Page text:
Cannot see the great white shark? Bait for it

Illing, Björn (2020) Cannot see the great white shark? Bait for it. Conservation Physiology, 8 (1). coz114.

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[Extract] Cage diving to view great white sharks and other iconic marine mega-fauna is a huge part of the marine wildlife tourism industry. But cage diving is considered a double-edged sword. On one hand, it fosters positive conservation ethics in tourists and raises awareness. However, on the other hand, there are concerns about animal welfare, costs to shark fitness and disruption of the natural ecology of habitats, mostly related to the use of bait to attract sharks. In fact, at cage-diving sites that use bait, Lauren Meyer and her colleagues determined that the swimming behaviour and daily activity levels of great white sharks are affected but not their nutrition. However, Meyer et al. (2019) have just investigated the impact on the other fishes, including rays that are unintentionally fed at these sites, and it turns out, those fishes do experience the effects.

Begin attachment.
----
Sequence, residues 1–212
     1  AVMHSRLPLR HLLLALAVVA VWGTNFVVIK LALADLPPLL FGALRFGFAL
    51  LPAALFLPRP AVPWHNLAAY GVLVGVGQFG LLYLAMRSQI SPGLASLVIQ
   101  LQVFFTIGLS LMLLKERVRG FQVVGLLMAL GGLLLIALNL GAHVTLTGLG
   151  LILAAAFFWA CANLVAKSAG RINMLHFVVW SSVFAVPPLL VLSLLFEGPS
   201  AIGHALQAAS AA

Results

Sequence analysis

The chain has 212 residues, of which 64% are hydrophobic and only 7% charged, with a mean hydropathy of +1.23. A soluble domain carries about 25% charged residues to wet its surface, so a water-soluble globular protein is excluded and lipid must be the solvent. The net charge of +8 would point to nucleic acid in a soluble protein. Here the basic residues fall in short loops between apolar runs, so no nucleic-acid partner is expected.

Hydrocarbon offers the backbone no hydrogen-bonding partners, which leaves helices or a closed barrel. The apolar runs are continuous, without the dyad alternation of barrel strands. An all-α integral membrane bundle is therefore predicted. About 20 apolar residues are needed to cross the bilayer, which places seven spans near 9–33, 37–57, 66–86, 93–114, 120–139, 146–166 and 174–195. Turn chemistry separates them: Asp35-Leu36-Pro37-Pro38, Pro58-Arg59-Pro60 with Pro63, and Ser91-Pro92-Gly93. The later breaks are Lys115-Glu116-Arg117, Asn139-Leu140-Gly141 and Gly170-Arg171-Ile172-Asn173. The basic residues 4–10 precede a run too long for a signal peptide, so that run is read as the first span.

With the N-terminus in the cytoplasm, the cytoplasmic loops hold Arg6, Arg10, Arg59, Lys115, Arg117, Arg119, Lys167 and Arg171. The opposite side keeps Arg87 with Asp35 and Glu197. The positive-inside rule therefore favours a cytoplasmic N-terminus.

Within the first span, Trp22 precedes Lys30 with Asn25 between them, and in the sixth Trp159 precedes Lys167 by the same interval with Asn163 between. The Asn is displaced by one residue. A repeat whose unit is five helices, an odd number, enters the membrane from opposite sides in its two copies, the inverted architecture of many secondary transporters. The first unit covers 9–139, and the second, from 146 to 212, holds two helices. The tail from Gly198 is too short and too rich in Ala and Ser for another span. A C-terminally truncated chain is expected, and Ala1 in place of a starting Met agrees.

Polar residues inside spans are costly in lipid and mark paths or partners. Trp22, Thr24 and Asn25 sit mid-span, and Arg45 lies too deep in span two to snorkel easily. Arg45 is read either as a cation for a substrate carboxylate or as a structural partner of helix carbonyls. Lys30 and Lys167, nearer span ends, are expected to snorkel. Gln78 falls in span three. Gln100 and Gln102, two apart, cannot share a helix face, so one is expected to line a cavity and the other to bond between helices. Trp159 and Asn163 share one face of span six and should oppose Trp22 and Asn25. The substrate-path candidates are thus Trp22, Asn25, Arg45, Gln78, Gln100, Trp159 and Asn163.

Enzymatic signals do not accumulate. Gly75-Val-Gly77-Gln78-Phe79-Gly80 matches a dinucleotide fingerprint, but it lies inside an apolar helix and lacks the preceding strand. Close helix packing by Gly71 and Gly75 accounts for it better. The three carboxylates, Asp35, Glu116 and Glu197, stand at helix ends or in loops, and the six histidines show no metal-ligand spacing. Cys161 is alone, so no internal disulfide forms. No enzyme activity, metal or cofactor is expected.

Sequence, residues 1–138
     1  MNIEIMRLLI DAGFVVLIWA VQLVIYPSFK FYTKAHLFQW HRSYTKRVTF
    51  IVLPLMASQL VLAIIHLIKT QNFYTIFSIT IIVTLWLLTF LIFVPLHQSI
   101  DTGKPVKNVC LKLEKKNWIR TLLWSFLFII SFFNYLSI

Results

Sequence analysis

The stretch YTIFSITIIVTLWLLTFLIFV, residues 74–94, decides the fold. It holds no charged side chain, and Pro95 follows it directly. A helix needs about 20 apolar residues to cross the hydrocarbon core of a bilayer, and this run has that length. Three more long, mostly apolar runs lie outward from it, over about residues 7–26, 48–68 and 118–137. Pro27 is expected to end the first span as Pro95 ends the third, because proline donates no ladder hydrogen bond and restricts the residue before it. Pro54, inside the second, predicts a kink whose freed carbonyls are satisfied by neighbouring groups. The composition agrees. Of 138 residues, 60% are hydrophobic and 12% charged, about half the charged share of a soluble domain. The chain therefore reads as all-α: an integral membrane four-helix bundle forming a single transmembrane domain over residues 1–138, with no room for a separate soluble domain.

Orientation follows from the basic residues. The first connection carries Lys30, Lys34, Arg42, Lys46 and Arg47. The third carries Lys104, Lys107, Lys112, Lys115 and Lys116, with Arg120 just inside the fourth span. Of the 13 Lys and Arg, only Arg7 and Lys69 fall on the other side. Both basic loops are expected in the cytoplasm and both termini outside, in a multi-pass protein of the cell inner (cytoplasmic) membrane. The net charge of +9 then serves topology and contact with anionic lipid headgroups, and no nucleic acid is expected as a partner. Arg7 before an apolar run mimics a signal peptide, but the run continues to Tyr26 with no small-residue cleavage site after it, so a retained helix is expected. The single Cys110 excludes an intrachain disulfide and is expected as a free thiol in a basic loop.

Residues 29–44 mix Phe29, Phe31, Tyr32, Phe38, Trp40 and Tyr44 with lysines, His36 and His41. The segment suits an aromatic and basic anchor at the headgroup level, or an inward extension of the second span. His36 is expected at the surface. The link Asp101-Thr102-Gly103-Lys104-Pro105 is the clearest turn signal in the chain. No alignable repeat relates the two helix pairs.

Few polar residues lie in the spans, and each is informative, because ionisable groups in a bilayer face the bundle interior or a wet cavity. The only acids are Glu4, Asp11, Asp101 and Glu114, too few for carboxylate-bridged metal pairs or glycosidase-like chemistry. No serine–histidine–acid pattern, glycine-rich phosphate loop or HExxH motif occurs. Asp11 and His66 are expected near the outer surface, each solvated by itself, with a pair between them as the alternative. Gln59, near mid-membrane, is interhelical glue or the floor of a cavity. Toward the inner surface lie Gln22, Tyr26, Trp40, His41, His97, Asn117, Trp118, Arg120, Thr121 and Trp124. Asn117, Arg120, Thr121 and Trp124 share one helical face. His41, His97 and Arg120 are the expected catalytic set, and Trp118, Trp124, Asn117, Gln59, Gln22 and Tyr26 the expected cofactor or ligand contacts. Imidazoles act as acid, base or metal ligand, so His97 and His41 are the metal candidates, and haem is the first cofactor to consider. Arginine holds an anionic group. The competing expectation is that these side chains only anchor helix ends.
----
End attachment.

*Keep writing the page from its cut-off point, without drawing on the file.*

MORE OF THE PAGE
Item ID: 67262
Item Type: Article (Commentary)
ISSN: 2051-1434
Copyright Information: © The Author(s) 2020. Published by Oxford University Press and the Society for Experimental Biology. This is an Open Access article distributed under the terms of the Creative Commons Attribution License (, which permits unrestricted reuse, distribution, and reproduction in any medium, provided the original work is properly cited.
Date Deposited: 25 May 2021 22:10
FoR Codes: 31 BIOLOGICAL SCIENCES > 3103 Ecology > 310305 Marine and estuarine ecology (incl. marine ichthyology) @ 100%
SEO Codes: 18 ENVIRONMENTAL MANAGEMENT > 1805 Marine systems and management > 180504 Marine biodiversity @ 100%
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